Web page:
Letters to the Editor: It really matters who is doing the police work after a hate crime
To the editor: I’m old enough to remember the controversy over the classification of some heinous killings by police as “NHI,” or “no humans involved,” because the victims were sex workers. (“Do you think you have a good sense of who the Georgia shooter is? Don’t be too sure,” Opinion, March 19)
From what little we know about Robert Aaron Long, it seems he was a messed-up young man whose racist, sexist and “moral” prejudices reinforced each other and allegedly led him to commit horrible crimes. It’s also clear from the police attitude toward him — especially that of Cherokee County Sheriff’s Department Capt. Jay Baker, who allegedly posted an image of racist anti-Asian shirts on Facebook — that though they may not have approved of his suspected actions, they support a lot of his prejudices.
Police departments nationwide seem to have a self-sustaining culture that regards some victims as more “worthy” than others and some suspects less “threatening.” Not until we root out and destroy this toxic police culture can we ever have true reform in law enforcement.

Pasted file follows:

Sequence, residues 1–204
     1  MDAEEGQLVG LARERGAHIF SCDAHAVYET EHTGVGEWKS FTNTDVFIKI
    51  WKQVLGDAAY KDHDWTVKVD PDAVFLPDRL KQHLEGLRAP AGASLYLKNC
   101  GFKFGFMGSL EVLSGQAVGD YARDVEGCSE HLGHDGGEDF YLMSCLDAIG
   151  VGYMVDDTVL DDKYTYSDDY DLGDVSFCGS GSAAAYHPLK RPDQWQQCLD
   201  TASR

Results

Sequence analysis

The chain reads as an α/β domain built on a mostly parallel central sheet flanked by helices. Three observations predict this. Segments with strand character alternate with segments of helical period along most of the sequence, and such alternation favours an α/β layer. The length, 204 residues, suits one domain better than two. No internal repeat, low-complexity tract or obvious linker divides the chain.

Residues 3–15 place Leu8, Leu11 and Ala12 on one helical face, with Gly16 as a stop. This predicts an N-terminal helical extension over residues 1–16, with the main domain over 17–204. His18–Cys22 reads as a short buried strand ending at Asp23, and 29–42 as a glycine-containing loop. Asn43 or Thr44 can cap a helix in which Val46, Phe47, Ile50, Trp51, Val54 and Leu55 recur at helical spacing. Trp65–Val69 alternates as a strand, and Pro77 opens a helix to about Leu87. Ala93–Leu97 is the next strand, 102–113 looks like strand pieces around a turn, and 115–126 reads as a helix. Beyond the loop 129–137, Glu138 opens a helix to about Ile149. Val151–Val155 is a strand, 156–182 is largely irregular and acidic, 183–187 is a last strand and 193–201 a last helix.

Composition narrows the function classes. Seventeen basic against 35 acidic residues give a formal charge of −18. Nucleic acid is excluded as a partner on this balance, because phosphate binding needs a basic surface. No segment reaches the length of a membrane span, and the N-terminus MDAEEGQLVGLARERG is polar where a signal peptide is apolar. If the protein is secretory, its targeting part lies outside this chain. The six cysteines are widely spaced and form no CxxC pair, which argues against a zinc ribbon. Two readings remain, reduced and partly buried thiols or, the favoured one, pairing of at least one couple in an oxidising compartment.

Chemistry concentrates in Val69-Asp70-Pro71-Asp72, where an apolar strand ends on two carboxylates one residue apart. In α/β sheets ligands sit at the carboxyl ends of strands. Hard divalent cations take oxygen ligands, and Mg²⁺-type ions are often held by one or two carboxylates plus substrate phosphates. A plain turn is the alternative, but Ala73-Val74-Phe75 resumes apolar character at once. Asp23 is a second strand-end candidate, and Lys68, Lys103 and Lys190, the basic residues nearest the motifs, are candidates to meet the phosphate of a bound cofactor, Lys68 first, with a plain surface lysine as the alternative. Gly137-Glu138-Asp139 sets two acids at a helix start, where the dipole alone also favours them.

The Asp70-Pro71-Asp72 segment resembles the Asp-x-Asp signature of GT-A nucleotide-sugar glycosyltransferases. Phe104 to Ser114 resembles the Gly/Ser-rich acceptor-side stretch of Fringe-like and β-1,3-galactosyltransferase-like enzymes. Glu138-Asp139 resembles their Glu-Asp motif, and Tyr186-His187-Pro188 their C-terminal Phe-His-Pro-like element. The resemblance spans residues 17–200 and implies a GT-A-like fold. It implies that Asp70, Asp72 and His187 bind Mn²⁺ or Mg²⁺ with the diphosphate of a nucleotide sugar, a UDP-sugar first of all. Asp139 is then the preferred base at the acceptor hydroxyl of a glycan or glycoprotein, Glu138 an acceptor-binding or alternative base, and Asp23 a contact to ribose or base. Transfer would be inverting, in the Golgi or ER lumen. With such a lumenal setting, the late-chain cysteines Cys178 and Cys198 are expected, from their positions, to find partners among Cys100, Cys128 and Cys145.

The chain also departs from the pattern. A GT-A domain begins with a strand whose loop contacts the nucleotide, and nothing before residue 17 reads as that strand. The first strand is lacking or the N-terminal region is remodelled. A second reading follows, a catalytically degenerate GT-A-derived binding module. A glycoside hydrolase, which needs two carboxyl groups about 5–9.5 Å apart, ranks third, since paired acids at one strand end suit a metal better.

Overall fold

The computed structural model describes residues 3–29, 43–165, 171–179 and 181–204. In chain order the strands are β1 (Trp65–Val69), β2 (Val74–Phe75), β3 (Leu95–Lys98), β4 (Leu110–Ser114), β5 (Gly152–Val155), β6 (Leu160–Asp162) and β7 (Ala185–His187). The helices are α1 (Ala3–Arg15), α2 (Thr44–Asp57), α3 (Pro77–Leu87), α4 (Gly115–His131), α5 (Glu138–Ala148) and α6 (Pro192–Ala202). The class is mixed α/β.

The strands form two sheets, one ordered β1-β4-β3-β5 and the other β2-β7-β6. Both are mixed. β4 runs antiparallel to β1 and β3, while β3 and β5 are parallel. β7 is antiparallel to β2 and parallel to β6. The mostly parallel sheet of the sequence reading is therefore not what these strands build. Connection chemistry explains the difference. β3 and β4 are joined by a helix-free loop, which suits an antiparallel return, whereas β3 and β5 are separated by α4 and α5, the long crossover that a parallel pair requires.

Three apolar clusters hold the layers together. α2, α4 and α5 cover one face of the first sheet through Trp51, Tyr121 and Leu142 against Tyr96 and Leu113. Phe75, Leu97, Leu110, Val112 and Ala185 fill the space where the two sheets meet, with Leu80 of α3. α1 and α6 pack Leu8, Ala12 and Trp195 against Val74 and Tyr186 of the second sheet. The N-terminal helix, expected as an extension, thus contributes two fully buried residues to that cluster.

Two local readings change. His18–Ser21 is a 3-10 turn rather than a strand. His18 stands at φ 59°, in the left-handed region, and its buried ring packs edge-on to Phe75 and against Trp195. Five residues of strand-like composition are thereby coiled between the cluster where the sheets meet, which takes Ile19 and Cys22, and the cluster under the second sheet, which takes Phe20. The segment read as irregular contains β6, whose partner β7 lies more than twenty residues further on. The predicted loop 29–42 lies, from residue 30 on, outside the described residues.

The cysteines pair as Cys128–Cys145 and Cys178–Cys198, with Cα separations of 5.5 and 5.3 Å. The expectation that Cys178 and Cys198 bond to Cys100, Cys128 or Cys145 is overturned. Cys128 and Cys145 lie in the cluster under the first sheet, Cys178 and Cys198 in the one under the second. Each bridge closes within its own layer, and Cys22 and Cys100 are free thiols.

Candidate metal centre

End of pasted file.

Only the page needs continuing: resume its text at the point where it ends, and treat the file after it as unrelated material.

Mark Gabrish Conlan, San Diego
To the editor: In the discussion of the possible racist and misogynistic motives of the shooter in the Atlanta killings, and inspired in part as a counterpoint to the appallingly tone-deaf statement of a Georgia sheriff’s captain with a history of allegedly sharing anti-Asian posts online, I hope it does not get lost that Long had for years been struggling with mental illness, including stints at an addiction center, but could nonetheless obtain guns.
Stephanie Scher, Los Angeles
To the editor: What’s wrong with us? Here we go again with another horror story of a young man allegedly murdering innocent people in an attempt to solve his own problems.
Whether his motive was racism, misogyny or something else, the result is clear: fear in the Asian community, anger everywhere and women, once again, finding themselves bearing the consequences of the wrongdoing of men.
Incidents like this one in Atlanta serve to highlight the state of extreme separation and division in which we are living. There is always the “other” that gets marginalized or attacked. Whether it’s Blacks, Asians, immigrants, Muslims, women or Jews, we always find someone to blame for our problems.
The solution is within each one of us if we are willing to acknowledge the truth. As human beings we are all related, all interconnected. If we could begin to live from that perspective, we might find the future looks a lot brighter for all of us.
Joanna Ryder, Hermosa Beach
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